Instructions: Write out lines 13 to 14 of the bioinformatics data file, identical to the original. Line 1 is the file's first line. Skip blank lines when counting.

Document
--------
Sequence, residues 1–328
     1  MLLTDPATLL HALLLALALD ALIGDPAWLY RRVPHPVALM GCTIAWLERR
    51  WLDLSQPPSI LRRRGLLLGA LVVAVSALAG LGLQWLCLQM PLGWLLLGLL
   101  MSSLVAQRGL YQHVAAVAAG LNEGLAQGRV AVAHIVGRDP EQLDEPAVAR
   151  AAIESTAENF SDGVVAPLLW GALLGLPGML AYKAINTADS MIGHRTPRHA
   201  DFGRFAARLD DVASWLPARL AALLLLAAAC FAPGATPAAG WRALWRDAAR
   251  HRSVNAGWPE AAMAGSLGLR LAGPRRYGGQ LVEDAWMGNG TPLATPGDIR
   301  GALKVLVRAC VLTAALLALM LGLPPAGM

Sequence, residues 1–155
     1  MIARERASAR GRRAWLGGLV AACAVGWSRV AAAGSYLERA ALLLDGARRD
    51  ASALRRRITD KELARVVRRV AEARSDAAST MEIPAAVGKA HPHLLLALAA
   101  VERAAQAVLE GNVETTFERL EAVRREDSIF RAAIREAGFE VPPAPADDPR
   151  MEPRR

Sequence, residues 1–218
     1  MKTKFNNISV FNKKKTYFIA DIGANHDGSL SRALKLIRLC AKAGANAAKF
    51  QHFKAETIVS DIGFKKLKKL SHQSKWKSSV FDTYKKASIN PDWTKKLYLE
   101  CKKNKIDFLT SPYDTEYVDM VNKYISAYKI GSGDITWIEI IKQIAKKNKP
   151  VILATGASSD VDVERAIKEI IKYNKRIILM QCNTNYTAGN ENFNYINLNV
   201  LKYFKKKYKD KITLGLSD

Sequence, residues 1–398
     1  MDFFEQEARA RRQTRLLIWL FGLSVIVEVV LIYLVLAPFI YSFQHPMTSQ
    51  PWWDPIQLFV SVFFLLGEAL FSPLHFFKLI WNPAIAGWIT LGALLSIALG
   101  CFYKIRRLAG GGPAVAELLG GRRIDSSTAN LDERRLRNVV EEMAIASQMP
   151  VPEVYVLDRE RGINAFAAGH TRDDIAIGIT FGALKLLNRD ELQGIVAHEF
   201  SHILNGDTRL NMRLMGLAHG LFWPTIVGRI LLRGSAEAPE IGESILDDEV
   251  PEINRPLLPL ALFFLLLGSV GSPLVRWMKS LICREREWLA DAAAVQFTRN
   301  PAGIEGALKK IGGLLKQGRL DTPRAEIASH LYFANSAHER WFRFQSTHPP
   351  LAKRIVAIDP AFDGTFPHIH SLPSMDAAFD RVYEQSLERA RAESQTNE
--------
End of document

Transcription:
   151  MEPRR

Sequence, residues 1–218